Sundaram V, Wasserman M, Palmborg A, McDade C, Dorange AC, Wilson M, Perdrizet J. Comparing the public health impact of the pediatric 15- and 20-valent pneumococcal conjugate vaccine in Sweden. Poster presented at the 40th Annual Meeting of the European Society for Paediatric Infectious Diseases (ESPID); May 9, 2022. Athens, Greece.

BACKGROUNDS: The introduction of pneumococcal conjugate vaccines (PCVs) in pediatric national immunization programs (NIPs) have had a substantial global impact, however disease burden remains due to non-covered serotypes. In Sweden, where the 10-valent vaccine (PCV10) is part of the infant NIP, PCV10 covers only 7% of residual invasive pneumococcal disease (IPD) in children <5 years old. The 15- valent (PCV15) covers 35% of residual burden, while 20-valent (PCV20) covers 53% of residual burden. The objective of this study is to determine the public health impact of switching from PCV10 to PCV15 or PCV20 in Sweden’s infant NIP.

METHODS: A decision-analytic model was adapted to estimate IPD, hospital and non-hospital pneumonia, otitis media (OM) cases and deaths from switching to PCV15 or PCV20 in the 2024 NIP. The model utilized historical age-stratified real-world data to estimate future disease. Future IPD incidence, assuming a switch to higher-valent vaccines in 2024, is projected by calculating annual percent reductions in PCV13-10 type IPD incidence based on a systematic review. We assume that PCV20-13 type IPD incidence reductions will be equal to those reported for PCV13-10 serotypes. OM and pneumonia incidence are assumed to vary proportionately with IPD.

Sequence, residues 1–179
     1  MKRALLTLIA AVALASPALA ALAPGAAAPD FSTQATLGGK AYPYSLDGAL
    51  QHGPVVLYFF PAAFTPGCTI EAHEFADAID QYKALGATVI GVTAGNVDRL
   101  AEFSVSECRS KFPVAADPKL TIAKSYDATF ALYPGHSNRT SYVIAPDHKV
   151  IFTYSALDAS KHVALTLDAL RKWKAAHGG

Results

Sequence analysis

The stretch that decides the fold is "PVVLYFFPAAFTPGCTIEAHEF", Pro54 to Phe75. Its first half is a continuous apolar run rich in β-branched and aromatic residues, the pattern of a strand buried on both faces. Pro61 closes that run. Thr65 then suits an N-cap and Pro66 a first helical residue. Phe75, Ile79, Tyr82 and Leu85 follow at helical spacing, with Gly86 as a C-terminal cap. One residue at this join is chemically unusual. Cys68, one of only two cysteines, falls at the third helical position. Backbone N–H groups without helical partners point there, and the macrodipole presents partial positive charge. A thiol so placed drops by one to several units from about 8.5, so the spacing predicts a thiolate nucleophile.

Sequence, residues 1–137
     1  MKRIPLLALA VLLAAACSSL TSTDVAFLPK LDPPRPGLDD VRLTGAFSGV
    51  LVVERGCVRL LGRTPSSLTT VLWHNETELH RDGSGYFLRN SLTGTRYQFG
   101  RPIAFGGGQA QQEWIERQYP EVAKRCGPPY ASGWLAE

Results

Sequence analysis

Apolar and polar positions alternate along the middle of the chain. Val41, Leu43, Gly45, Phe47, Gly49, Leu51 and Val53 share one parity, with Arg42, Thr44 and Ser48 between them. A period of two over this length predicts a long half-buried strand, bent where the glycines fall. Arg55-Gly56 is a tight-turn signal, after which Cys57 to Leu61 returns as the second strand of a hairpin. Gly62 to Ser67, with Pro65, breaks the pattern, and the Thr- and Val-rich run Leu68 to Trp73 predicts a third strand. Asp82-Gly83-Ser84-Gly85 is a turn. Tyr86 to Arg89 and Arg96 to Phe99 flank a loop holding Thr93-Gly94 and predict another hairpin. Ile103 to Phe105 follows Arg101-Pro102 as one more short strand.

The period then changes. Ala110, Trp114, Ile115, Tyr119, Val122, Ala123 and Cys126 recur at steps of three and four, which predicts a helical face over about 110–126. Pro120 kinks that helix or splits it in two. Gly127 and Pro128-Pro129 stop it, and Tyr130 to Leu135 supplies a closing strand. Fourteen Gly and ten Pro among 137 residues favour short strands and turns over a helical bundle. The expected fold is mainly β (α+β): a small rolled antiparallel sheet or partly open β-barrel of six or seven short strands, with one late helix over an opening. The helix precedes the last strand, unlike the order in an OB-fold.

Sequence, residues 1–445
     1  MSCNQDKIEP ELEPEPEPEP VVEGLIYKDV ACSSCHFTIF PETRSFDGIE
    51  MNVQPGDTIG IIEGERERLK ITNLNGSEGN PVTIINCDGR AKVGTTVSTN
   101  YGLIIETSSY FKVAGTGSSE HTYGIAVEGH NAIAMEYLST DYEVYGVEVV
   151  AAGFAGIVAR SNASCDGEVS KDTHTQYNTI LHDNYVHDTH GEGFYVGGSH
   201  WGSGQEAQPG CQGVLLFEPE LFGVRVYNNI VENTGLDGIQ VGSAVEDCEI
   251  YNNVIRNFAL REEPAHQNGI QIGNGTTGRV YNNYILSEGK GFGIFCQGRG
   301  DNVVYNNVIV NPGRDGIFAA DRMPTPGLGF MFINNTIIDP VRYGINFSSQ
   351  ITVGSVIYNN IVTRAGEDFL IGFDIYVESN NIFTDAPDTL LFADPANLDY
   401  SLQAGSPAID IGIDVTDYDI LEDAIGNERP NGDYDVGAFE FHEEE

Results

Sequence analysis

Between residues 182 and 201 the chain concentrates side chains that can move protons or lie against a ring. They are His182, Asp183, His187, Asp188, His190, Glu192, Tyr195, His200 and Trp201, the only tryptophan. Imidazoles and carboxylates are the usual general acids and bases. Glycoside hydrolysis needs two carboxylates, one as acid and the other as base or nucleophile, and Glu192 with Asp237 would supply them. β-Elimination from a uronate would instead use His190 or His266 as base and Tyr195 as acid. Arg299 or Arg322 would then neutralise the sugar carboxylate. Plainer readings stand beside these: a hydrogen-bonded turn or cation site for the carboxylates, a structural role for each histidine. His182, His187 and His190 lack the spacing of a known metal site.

RESULTS: Compared to PCV15, switching to PCV20 is estimated to prevent 569 IPD cases, 571 OM cases, 2,734 hospitalized pneumonia cases and 103 non-hospitalized pneumonia cases, amounting to a total of 3,977 pneumococcal disease cases and 219 deaths over 5 years.

CONCLUSIONS/LEARNING POINTS: Replacing PCV10 with PCV20 is estimated to provide greater health impact compared to PCV15 in Sweden, given that the largest proportion of remaining pneumococcal disease burden is due to PCV20-unique serotypes. Thus, PCV20 has the potential to reduce disease further by protecting against additional non-covered serotypes and improve public health.

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